Current utilization of pediatric postmortem imaging in North America: a questionnaire-based survey

On behalf of the SPR Postmortem Imaging Committee

Research output: Contribution to journalArticlepeer-review

1 Scopus citations

Abstract

Background: Postmortem imaging is used more widely as the number of conventional autopsies has decreased over the last several decades. It is widely accepted in Europe, Asia and Oceania, but there has been a delay in acceptance in North America. Education, scanning protocols, resourcing and clinical incentives are needed to support this emerging field. Objective: To determine the use of postmortem imaging and define perceived barriers to its implementation with the goal of expanding postmortem imaging in the United States and Canada. Materials and methods: We sent an online survey to active members of the Society for Pediatric Radiology (SPR) addressing the use of postmortem imaging, indications, readers, practical aspects, anticipated barriers and potential solutions to more widespread use. Results: More than 50% of the 50 institutions that returned surveys used postmortem computed tomography; 24% used postmortem magnetic resonance imaging. Most postmortem imaging cases were read by radiologists. Fewer than 50% had formal correlation with autopsy results or an established relationship with the local medical examiner. Seven institutions reported reimbursement for postmortem imaging. Major barriers to postmortem imaging included lack of funding and lack of interest among clinicians. Funding and education were seen as important issues requiring attention. Conclusion: While most responding institutions provide pediatric postmortem imaging, the modalities, protocols, reporting procedures and clinical correlation vary widely. A lack of funding and few opportunities for education are limiting factors. Attention to these issues along with active support from the SPR are seen as potential solutions to recognize the value and promote widespread acceptance of postmortem imaging.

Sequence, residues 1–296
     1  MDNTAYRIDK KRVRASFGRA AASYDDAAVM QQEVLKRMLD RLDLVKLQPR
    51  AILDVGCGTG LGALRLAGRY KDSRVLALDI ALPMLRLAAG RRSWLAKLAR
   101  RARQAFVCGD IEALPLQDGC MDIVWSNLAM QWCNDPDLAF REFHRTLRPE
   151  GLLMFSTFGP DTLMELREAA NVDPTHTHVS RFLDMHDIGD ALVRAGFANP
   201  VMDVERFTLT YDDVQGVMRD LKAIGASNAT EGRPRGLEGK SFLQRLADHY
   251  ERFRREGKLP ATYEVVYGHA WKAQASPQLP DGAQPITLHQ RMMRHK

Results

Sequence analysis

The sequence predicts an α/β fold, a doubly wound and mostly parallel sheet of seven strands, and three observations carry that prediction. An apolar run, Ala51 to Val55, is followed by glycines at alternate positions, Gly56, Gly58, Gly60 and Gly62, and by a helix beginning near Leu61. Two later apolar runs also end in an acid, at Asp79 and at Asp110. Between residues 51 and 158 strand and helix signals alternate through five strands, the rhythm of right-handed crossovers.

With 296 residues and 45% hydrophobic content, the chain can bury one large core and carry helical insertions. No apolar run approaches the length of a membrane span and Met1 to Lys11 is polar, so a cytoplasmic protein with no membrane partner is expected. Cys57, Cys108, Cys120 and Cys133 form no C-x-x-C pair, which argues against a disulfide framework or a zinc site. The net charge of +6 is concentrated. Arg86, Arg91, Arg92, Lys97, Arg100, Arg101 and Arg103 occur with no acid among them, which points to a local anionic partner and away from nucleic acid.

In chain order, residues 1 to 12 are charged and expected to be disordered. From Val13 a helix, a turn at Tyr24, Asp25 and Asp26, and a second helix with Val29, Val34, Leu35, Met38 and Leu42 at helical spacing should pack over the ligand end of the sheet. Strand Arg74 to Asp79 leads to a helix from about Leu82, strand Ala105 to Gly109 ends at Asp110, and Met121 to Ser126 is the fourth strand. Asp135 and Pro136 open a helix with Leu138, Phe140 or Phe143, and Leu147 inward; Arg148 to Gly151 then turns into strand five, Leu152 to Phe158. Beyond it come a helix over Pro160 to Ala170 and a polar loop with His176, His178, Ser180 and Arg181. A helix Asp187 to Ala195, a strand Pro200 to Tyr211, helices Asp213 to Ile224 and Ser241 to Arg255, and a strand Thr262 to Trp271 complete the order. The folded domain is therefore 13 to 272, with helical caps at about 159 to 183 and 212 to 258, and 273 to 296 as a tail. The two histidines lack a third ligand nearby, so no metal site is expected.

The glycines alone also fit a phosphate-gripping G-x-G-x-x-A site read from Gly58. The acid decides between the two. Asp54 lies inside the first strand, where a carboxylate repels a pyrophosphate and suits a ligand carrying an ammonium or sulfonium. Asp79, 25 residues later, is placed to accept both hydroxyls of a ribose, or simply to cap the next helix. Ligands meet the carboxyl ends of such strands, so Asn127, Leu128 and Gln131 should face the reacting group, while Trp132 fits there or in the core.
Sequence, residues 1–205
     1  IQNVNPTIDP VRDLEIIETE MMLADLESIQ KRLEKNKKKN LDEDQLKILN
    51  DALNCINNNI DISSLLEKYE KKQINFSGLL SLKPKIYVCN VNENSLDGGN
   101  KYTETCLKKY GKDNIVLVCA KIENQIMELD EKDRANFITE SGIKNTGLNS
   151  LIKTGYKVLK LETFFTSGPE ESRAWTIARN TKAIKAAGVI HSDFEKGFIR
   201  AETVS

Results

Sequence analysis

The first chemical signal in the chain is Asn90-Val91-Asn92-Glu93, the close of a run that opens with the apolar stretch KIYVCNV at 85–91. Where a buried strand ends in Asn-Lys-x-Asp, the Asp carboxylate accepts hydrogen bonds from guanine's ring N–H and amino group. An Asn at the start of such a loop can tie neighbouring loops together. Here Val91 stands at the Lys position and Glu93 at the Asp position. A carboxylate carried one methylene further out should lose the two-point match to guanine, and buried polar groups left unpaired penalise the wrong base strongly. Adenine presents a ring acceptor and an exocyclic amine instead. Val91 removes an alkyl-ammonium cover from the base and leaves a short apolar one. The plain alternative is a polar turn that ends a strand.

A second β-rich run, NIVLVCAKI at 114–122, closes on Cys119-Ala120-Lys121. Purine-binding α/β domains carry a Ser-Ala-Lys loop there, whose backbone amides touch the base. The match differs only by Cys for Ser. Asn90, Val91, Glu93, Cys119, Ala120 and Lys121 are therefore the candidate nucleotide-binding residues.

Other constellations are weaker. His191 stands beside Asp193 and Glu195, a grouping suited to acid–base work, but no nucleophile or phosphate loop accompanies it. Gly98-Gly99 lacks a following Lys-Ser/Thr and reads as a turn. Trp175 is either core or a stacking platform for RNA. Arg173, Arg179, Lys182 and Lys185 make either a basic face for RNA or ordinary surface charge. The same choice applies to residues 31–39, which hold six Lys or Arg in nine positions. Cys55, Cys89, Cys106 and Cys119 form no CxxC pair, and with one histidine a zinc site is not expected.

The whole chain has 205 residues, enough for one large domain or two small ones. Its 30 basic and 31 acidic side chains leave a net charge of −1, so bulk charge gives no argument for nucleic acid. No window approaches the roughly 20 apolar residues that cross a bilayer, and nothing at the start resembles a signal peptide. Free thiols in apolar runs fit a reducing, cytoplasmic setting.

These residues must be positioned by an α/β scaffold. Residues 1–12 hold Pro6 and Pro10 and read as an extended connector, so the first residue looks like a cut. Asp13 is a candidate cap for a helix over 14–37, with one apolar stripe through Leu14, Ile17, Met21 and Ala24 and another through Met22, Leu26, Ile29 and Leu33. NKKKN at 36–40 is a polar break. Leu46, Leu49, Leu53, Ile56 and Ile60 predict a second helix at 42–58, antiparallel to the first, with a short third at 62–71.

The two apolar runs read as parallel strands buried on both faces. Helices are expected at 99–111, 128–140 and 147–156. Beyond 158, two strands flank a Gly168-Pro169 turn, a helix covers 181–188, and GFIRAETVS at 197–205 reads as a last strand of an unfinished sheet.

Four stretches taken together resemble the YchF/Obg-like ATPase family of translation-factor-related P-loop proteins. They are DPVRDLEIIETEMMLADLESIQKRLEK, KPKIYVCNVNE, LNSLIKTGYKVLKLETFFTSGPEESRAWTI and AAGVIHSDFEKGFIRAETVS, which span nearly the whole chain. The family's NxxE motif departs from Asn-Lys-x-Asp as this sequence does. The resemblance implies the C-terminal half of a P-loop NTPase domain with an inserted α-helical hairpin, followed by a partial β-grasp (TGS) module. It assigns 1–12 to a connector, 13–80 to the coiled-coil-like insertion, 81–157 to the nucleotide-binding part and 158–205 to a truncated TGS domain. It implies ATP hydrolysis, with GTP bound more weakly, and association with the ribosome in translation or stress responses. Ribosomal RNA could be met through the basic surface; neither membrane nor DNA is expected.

Original languageEnglish (US)
Pages (from-to)1135-1143
Number of pages9
JournalPediatric Radiology
Volume53
Issue number6
DOIs
StatePublished - May 2023

All Science Journal Classification (ASJC) codes

  • Pediatrics, Perinatology, and Child Health
  • Radiology Nuclear Medicine and imaging

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